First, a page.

NEW YORK -- George Washington University Law School will begin its fall semester next month, but the Class of '94 will commence without Ray Handley. That's because the 1991 New York Giants have begun their studies and Handley is the new headmaster.
His is an improbable rise to one of the most demanding and coveted jobs in professional football. On Jan. 28, the morning after the Giants won the Super Bowl, the 46-year-old Stanford University graduate with a keen mind for math and a bachelor's degree in history stood in a Tampa, Fla., hotel lobby planning to resign as the team's running backs coach and get on with the rest of his life.
Handley first contemplated law school in 1988. He took the Law School Admissions Test in June 1989 and was accepted into GW. He deferred his commitment for one year, told head coach Bill Parcells he would honor the final year of his assistant coaching contract, and seriously expected to be spending the next three years with his wife, JoAnne, studying law in Washington.
Then in March 1991, he signed a two-year deal and was introduced as Parcells' new offensive coordinator, the promotion that convinced him law school could wait. Two months after that, on May 15, he was introduced as Parcells' successor, the 13th head coach in the Giants' 67-year history.
For a deliberate, introspective and loyal man who in his 25 years as a football coach hadn't held a top job since 1977 at Reed High School in tiny Sparks, Nev., running the Giants is a life's dream. His path to an NFL head coaching job weaved through supporting roles at Stanford, Army, Reno High School, Stanford again, four years with the top job at Reed, Air Force, Stanford a third time and the Giants since 1984.
How did someone so close to an NFL head coaching job almost take a dramatic detour? For one, he didn't know how close he was. For another, he had grown frustrated and impatient tutoring running backs.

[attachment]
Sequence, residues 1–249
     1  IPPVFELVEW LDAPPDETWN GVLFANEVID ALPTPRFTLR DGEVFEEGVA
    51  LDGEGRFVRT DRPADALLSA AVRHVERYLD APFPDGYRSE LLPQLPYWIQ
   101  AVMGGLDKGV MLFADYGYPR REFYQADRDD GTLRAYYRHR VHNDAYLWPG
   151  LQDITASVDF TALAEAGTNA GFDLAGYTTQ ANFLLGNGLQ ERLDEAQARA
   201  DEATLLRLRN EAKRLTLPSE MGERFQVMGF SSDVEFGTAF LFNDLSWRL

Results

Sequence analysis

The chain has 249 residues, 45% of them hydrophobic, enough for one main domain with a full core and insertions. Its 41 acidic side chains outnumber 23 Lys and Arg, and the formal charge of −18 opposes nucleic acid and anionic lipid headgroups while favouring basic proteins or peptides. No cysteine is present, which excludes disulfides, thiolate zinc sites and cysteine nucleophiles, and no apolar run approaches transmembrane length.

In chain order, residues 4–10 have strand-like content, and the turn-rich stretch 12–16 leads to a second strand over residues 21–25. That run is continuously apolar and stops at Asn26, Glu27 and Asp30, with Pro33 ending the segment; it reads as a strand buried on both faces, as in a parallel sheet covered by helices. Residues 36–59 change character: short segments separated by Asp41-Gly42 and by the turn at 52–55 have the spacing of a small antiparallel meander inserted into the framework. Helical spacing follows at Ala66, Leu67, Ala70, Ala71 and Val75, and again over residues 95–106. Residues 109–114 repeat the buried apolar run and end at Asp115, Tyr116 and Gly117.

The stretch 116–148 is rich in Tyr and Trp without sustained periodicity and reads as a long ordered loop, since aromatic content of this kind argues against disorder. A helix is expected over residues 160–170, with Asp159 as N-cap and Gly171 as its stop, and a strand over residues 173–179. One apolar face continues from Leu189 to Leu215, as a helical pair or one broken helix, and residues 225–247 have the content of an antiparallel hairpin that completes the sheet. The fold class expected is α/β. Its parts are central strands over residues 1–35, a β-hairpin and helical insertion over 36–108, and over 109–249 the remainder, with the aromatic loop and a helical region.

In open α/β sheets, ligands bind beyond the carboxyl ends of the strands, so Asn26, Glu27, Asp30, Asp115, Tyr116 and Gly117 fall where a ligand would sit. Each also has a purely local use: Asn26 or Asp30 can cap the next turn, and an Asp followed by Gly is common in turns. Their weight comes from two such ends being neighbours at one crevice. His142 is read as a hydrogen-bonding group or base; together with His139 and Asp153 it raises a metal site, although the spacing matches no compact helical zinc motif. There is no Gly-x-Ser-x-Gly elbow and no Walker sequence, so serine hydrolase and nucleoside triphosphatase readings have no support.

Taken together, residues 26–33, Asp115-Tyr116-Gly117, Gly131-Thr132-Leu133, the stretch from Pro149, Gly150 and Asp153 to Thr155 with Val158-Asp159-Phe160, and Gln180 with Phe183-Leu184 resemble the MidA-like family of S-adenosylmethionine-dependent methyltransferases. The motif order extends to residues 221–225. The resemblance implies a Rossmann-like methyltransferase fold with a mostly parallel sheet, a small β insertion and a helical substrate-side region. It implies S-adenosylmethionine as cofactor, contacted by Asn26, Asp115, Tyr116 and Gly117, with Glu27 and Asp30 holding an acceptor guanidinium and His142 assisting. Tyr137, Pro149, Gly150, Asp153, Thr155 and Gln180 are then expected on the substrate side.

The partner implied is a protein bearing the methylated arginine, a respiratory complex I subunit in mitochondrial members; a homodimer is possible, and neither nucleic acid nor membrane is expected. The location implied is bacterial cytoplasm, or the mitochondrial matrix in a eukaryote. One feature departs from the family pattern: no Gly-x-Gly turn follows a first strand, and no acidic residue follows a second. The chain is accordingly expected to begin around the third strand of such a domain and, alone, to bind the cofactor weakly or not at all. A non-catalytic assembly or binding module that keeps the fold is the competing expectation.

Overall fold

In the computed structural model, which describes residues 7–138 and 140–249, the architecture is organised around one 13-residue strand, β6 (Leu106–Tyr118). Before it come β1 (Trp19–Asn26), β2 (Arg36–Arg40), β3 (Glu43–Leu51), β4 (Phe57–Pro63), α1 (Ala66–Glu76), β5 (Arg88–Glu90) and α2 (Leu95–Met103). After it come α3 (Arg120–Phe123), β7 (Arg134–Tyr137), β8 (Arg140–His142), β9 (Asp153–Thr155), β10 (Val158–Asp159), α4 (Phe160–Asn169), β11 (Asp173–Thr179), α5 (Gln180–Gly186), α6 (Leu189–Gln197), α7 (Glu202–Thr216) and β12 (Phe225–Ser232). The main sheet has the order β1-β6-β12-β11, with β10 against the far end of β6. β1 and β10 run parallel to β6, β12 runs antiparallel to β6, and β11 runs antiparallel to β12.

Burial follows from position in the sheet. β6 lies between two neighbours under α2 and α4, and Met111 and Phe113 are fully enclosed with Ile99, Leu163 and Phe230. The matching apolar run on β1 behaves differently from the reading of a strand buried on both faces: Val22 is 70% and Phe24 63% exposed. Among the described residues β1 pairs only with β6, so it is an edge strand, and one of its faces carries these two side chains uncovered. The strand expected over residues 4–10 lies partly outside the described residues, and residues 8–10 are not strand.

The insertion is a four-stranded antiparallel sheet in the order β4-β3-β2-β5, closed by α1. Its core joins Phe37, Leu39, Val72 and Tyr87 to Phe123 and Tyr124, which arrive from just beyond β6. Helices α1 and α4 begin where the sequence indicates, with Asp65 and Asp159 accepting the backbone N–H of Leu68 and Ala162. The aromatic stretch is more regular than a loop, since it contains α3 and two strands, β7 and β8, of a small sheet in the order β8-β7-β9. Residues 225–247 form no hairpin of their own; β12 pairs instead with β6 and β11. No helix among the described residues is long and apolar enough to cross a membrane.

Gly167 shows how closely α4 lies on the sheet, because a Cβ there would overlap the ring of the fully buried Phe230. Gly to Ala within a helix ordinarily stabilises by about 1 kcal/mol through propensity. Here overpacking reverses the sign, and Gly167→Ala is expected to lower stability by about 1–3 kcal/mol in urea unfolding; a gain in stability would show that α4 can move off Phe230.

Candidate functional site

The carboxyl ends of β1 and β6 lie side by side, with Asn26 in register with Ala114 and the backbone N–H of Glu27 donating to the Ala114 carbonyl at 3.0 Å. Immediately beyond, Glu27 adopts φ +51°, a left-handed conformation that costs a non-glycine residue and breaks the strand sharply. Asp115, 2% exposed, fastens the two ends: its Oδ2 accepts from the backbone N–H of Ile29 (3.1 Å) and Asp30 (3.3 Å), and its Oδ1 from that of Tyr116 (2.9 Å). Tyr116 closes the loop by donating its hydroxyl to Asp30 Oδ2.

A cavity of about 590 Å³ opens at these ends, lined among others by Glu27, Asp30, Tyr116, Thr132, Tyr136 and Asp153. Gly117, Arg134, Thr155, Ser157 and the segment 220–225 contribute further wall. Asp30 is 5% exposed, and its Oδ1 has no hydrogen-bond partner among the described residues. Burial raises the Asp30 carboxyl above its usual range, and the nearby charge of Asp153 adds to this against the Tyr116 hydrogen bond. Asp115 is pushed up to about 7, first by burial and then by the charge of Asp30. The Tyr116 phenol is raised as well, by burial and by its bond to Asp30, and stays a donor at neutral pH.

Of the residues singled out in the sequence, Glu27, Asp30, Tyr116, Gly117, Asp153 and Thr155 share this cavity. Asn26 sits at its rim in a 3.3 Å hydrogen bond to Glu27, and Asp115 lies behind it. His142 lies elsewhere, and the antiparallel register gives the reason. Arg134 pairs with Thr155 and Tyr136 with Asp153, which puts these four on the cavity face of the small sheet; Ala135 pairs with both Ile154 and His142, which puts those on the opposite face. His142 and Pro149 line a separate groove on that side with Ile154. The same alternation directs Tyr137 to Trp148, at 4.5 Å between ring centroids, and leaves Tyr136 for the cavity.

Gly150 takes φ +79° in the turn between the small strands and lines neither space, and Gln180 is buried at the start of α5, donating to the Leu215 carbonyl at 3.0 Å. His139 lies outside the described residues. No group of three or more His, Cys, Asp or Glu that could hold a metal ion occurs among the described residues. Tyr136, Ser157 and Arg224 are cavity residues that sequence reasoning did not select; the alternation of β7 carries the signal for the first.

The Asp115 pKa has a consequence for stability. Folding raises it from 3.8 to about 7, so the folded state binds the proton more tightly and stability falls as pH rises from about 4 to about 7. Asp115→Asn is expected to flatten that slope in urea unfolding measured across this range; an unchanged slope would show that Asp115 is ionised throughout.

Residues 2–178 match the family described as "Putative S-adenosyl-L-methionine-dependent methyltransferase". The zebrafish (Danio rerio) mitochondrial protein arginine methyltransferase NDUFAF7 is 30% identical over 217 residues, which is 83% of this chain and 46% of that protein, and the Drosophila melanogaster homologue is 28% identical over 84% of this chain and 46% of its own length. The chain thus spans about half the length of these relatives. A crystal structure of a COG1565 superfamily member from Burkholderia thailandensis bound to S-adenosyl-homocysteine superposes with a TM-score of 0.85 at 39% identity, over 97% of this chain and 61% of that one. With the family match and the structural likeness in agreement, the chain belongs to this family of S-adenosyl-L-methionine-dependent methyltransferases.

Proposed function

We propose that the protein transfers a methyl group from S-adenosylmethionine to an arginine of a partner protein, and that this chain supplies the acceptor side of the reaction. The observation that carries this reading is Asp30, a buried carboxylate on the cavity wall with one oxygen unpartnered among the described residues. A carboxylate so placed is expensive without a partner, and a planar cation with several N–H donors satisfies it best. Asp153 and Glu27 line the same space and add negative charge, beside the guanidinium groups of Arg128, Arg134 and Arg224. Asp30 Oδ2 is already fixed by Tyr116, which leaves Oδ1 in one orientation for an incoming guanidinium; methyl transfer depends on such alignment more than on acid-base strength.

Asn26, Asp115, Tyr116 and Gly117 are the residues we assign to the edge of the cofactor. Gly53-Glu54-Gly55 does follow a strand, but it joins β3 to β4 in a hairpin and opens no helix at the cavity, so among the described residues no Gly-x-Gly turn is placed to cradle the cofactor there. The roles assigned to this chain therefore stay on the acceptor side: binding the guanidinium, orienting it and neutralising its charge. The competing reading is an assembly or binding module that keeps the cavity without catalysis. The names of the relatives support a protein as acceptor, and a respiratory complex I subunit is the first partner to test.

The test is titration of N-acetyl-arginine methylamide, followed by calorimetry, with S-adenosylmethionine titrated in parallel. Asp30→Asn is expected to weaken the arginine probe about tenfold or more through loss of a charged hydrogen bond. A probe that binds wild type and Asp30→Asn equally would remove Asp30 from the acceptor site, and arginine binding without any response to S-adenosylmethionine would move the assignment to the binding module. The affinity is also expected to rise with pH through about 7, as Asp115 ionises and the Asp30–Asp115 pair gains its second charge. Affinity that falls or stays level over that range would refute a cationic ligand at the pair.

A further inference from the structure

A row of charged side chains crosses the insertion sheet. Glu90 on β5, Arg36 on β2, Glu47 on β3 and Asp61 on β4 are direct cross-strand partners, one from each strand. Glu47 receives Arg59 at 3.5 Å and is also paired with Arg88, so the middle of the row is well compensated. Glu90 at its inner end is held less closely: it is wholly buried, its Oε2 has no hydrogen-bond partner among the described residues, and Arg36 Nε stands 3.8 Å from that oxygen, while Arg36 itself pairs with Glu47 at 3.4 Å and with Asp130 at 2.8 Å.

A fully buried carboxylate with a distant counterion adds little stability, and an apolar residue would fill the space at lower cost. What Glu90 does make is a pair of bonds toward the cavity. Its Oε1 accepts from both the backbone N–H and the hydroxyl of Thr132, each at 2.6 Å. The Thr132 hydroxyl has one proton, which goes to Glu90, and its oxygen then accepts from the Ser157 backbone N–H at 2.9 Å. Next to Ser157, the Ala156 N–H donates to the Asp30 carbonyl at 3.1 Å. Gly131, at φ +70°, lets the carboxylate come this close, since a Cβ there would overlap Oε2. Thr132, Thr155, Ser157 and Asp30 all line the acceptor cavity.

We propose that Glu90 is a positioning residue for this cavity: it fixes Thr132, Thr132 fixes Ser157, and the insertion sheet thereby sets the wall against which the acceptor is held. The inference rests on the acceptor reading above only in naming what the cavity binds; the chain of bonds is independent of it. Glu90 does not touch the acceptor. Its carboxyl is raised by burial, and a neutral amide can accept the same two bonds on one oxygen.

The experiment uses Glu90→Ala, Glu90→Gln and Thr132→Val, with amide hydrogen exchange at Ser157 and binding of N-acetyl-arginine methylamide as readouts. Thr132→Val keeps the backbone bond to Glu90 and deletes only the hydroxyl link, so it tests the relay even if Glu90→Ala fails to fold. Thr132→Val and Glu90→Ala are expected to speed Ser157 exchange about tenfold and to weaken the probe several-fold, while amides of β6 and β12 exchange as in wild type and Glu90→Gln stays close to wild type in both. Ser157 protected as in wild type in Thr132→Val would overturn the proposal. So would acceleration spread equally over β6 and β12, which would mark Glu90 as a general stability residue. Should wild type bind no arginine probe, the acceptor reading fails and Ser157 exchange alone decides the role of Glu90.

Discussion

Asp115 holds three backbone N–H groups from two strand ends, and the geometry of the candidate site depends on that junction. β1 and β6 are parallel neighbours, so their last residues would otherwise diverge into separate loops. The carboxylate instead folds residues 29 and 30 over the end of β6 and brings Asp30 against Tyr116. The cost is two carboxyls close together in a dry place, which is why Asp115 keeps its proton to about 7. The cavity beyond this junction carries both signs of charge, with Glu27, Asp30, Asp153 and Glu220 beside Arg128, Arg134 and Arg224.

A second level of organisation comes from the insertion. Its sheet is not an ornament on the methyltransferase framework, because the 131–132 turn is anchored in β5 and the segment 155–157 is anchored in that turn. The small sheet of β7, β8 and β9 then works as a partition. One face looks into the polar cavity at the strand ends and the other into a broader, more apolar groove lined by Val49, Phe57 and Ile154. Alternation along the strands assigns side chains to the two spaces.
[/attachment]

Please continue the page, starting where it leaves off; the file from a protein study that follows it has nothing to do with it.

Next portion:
"This is not necessarily a condemning statement, but I had been doing the same thing for seven years, or when I decided to go to law school, for six years," Handley said from his Lake Tahoe, Nev., home, where he was enjoying the final days of a brief vacation before camp opened July 15.
"Things were getting to the point where there was a lot of repetition. I was looking for some different type of challenge. I wanted to give myself some credibility to, perhaps, pursue other avenues within football. I didn't necessarily think I would go to law school and definitely come back to football, but I was looking to try to get into some different level because it didn't look to me like the opportunities were going to avail themselves, to move on the coaching ranks."
The question is why? At the news conference to announce the Giants' coaching change in May, Parcells spoke of Handley's intelligence and leadership abilities. General manager George Young spoke of Handley's organizational skills, his industriousness, his ability to deal with people. Didn't Handley know what his bosses thought?
"I felt I had gotten stuck in a position," he said. "I've never been the type of person to try to make that small move ahead by leaving one organization for another organization. I had a tremendous amount of loyalty to Bill. I wasn't looking to leave. But after six years, things were getting a little too routine. I needed something in my life. I haven't really assessed it as a mid-life crisis, but I'm sure some people out there would look at it and say that it was.